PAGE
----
With the 2022/23 sailing season drawing to a close it is worth reflecting on the recent progress of the fleet in Australia. All states have now completed successful state championships; the national championships held recently in Hobart were extremely enjoyable and well attended and club racing is spread through many locations.
Despite competition from other classes and sports, new Sabres continue to emerge and class numbers grow. Indeed, our major regattas attract significant numbers. The Victorian championships fleet of 80, was said to be the largest fleet of one design dinghies in Australia. Sabre Sailing at local clubs have evidenced growth in fleets ranging from a few boats up to more than 40 Sabres. Many sailors have turned to the Sabre to gain experience in big fleets without the need and expense of travelling regularly overseas.
The Sabre may not necessarily appeal to all; it does not enjoy the status and symbolism of an international class (mind you our National Secretary reliably informs me Sabre building kits have been sold to many distant parts of the globe) nor does it boast a range of sail sizes, nor exotic build materials and techniques. So, what does it possess? It does attract a broad range of ages (15 to 80 plus years of age), crew weights (normally 60 – 85kg) and blend of gender (often in excess of 20% female sailors comprise the cohort). It certainly doesn’t possess Hollywood style gym junkies with stars in their eyes as skippers and while the Sabre may appear to be underpowered in light breezes, this in turn does develop special skills (patience and mental resilience being but two). At the other end of the spectrum, the boat is without peer in strong winds and big wave conditions. It is a comfortable and forgiving boat, and as many aspiring winners can attest ‘easy to sail, – difficult to sail fast’.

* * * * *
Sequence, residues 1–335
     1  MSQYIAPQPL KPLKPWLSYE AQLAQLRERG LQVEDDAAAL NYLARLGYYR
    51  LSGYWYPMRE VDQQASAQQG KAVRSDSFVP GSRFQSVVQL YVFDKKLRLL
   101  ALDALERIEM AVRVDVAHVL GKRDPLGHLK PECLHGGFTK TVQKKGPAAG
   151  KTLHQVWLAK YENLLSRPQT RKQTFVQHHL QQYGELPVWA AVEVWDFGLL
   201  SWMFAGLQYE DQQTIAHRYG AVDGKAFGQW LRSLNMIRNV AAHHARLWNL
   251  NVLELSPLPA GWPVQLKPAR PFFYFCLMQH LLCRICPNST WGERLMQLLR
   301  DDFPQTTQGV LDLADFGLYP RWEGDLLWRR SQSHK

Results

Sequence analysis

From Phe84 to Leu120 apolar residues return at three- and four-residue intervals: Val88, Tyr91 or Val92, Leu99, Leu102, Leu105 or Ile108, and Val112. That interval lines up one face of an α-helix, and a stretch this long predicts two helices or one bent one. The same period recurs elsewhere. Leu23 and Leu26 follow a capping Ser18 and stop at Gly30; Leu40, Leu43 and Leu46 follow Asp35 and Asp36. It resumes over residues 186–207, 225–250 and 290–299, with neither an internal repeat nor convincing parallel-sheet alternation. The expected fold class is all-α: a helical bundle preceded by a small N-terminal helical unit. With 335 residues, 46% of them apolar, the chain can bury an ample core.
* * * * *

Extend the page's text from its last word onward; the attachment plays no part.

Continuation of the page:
Sabre measurement rules have been progressively amended over the years with agreement from all state representatives, to allow the use of newer, low cost materials and simplified methods. Underpinning this approach is to ensure that older boats with competent sailors can compete successfully against those built recently. Sabres are built in Australia both professionally and by DIY builders. Maybe Sabres are visionary – it’s about evolution, not revolution, it’s good to be leading edge but there are dangers in being bleeding edge.
When all the above is considered, there is one aspect of the Sabres that is striking. It is clearly not the revolutionary technology operated by raw-boned athletes dressed in outfits from a Dwayne Johnson set that ensures the Sabre success. The recipe for success appears to be less science and more craft. The ‘Sabre Culture’ is often mentioned, and I suggest the interesting thing about culture is that it is exceedingly difficult to measure. What I have learnt is that it is only one of two things. It is either good or it is bad. Significantly and unequivocally this amalgam of inclusion, contributing, sharing, listening, encouraging, coaching, enjoying and competing, but not at all costs is a culture developed and nurtured by all in the Class. We enjoy Sabre sailing and fortunately have attracted a great bunch of people who are similarly passionate about the class. Long may that continue.
Yours in sailing
President, Sabre sailing Assoc of Australia